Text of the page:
Jane Eyre's Prison Feminist Literary Criticism on novel Jane Eyre, by Charlotte Bronte.

Essay by KamekaziHigh School, 12th gradeA+, March 2009

download word file, 5 pages 5.0

Downloaded 2182 times

As one era ends another begins. Old eras are remembered and not forgotten for they are a symbol of our past mistakes; a template to learn from. As we see in today's world, equality is the key. This has evolved from the past where not everyone was treated as an equal. Race, sex and money decided your rights. Charlotte Bronte tells us the story of a woman; A woman who throughout her life has struggled to stand upon the same stage as men. The book Jane Eyre is a narrative based on Jane Eyre's life and her struggles as a woman in the Victorian era. The novel gives today's feminists a gala event as it explores how Jane Eyre, like other women of the era, are looked down upon as inferiors and repressed by the society they live in.

Jane experienced inferiority early in her life. As an orphan, having lost both her parents, she lives with her aunt and cousins - John, Eliza and Georgiana Reed.

As John is of the bullying nature, he picks on Jane and strikes her on the head. Jane fights back to defend herself. At this point her aunt walks in and christens Jane as the culprit. We are witness to the first act of injustice upon Jane. " My head still ached and bled with the blow ad fall I had received; no one had reproved John for wantonly striking me; and because I had turned against him to avert farther irrational violence, I was loaded with general opprobrium" (Bronte 17). The quote stated above is a sample of the fight between Jane and John and the consequences for Jane. Although John was at fault, Jane suffered the discipline. Since Jane is a girl, it is not expected of her to get into fights. As a girl, she is to be pretty, quite, obedient and picture perfect in her pink dress. This scene introduces to the reader the mold that each and every female must sculpt herself to fit. As we can see, Jane is not one to be bullied and pushed over easily. She is capable of defending herself when push comes to shove. She does not think of the consequences of the fight. All that passes through her head is that John is "…a tyrant: a murderer…" (Bronte 13) and her defense mechanism kicks in. She will not stand for injustice even if the consequence is her looking less lady-like. This goes against what the Victorian era society believes.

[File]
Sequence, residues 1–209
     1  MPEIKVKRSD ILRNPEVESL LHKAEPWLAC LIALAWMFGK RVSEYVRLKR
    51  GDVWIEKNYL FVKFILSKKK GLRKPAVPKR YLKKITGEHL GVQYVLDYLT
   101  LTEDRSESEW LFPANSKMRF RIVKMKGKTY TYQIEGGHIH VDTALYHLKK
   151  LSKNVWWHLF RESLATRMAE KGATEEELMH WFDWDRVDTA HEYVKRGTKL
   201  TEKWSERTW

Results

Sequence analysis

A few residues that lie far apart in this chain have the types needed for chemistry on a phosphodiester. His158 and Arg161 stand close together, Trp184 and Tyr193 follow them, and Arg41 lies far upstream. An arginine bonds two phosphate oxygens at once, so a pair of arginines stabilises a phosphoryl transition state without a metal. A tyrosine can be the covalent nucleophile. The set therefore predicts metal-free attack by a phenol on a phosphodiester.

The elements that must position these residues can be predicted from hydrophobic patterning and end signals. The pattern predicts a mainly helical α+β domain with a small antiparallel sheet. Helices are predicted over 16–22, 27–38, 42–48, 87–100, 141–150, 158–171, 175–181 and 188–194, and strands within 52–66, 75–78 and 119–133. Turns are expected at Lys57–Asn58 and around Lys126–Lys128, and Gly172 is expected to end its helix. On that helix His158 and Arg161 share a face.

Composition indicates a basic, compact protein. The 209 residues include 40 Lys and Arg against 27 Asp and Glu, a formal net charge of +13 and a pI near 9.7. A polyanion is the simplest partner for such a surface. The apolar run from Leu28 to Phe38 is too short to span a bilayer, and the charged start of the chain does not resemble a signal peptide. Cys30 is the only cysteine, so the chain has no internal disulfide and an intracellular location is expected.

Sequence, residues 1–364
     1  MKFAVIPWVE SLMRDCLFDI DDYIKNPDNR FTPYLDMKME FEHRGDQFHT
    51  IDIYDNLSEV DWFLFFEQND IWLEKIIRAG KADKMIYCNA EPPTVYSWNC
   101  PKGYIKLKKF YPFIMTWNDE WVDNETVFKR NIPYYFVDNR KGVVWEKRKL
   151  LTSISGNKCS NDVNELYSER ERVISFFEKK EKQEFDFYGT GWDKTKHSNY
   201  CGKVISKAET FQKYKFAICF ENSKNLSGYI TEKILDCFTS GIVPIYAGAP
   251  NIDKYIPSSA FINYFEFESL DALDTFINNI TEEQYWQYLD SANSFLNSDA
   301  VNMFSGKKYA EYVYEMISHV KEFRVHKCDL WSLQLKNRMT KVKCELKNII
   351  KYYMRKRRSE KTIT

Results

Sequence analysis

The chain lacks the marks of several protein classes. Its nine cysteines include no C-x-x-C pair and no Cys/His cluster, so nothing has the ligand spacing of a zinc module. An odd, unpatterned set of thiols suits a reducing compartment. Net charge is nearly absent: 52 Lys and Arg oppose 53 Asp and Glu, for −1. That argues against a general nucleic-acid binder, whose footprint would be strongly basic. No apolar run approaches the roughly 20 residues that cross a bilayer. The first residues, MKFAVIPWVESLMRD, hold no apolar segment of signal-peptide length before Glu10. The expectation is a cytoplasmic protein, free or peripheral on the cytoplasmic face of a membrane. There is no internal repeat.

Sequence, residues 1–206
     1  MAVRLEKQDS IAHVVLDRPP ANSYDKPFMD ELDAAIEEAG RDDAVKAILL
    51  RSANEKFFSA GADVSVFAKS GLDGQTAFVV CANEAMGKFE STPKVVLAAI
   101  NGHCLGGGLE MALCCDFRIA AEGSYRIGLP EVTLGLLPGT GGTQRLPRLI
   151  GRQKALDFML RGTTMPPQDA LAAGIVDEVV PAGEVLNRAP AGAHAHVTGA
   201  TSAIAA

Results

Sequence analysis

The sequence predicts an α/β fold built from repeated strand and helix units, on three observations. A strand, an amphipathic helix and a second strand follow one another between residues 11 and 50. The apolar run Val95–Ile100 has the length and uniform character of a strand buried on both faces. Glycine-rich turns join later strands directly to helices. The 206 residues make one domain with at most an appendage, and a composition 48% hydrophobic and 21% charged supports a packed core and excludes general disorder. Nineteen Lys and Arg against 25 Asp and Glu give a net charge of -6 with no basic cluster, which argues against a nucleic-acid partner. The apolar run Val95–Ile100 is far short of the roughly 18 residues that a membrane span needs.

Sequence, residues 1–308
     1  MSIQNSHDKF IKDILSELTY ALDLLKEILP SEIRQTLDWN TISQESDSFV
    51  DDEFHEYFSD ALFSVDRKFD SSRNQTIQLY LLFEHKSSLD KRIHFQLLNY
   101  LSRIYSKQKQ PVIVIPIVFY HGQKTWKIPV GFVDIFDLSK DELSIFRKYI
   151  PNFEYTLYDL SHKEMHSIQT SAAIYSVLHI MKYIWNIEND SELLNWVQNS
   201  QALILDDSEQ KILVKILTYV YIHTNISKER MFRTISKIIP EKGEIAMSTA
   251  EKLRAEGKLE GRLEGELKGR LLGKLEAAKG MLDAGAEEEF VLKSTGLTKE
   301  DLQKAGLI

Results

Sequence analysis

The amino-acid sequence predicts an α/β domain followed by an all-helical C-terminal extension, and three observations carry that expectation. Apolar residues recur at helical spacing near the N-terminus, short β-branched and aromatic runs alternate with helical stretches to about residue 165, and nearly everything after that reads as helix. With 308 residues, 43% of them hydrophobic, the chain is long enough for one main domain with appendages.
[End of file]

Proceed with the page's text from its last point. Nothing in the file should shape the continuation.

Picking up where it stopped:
Even as an adult, Jane suffers from suppression. As she grows into a woman, she travels down many paths. One path leads her to St. John Rivers, who wishes to wed Jane. Knowing St. John River's nature and her own, Jane knows that a marriage to John would mean for her to be left in his shadow. "…forced to keep the fire of my nature continually low, to compel it to burn inwardly and never utter a cry, though the imprisoned flame consumed vital after vital…" (Bronte 420). As a wife Jane is reminded of her inferiority to her husband, whether it's Mr. Rochester or St. John Rivers. With Mr. Rochester, it was not only her being a woman that made her inferior, but also her social class. To emphasize on this, Mr. Rochester "…tries to dress her in jewels and a diamond which makes her feel as if a mistress not a wife…" (Bronte 227). Mr. Rochester treats her as an object which harbors no real feelings, no opinions and no beliefs. She is expected to be an empty yet wonderful box. St. John is no better. As mentioned earlier, Jane married to St. John would be living in his shadow. The independent woman would be replaced by St. John's wife with no identity of her own, as she would have to follow his dreams and agenda, while disregarding her own wishes.